WASHINGTON (Reuters) - More than three in four Americans say they are very confident or somewhat confident in the U.S. federal government's ability to handle a coronavirus outbreak, a Gallup poll has found, a higher level of confidence than in previous health scares.
Gallup said the results were from a Feb. 3 to Feb. 16 poll that began just days after the Trump administration announced it would suspend entry of foreign nationals who had been to China in the previous two weeks.
About 31% of respondents said they were very confident and 46% said they were somewhat confident in the federal government's ability to handle an outbreak, while 22% said they were not too confident or not confident at all.
The combined positive rating of 77% compares with 64% during the 2017 Zika virus outbreak, 58% during the 2014 Ebola virus outbreak and 67% during the 2009 H1N1/Swine Flu outbreak, Gallup said.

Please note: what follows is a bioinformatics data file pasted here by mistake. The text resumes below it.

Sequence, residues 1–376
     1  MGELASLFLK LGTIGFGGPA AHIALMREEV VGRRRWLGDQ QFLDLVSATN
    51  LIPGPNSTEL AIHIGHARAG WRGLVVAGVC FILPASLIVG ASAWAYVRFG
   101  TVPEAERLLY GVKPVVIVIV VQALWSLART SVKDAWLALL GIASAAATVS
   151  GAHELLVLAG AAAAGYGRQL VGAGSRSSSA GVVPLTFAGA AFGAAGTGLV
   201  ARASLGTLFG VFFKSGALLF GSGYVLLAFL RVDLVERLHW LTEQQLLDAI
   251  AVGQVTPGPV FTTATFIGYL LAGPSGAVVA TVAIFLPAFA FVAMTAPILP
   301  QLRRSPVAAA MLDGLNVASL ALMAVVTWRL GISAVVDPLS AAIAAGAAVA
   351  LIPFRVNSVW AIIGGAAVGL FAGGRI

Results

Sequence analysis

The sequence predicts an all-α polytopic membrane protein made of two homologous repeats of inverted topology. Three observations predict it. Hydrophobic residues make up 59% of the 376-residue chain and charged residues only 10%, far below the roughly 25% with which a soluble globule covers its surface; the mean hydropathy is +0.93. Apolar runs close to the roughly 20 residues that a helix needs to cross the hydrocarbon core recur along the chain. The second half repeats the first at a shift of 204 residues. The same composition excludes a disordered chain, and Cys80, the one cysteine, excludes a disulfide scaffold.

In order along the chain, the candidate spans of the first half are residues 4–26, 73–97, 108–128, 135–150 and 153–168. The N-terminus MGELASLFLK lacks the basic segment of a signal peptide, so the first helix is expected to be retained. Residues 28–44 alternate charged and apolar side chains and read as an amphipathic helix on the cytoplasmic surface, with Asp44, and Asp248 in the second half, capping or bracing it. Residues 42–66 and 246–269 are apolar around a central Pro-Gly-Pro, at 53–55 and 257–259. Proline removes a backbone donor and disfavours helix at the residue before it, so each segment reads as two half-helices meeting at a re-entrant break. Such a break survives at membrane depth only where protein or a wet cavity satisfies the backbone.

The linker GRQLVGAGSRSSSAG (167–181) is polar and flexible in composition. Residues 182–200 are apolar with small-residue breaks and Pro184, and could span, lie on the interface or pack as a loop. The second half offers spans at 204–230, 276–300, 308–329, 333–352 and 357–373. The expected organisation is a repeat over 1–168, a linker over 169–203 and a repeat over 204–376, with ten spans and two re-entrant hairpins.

China reported on Thursday a dramatic drop in coronavirus cases, but scientists said the virus could be spread more easily than previously thought by patients who are not showing any symptoms.
China is also struggling to restart factories and other businesses as workers stay home, taking a toll on its growth.
Two-thirds of Americans anticipate the global outbreak will hit the world economy. About 16 percent of respondents believe it will have a "very negative" impact, while 49% expect a "somewhat negative impact, with 34% anticipating none.
Americans' level of worry about being exposed to coronavirus is at about the same level as for two of three other health risks Gallup has measured previously.
More than one in three Americans reported being very worried or somewhat worried that they or a family member will be exposed to the virus. This combined 36% is on par with Americans' worries about severe acute respiratory syndrome, or SARS, in 2003 (37%) and exposure to anthrax in 2001-2002 (32%).
The mosquito-borne West Nile virus outbreak in 2002, which topped 4,000 cases in the United States, sparked more concern, with 53% (53%) worried about being exposed to it, Gallup said.
(Reporting by David Lawder and Andrea Shalal)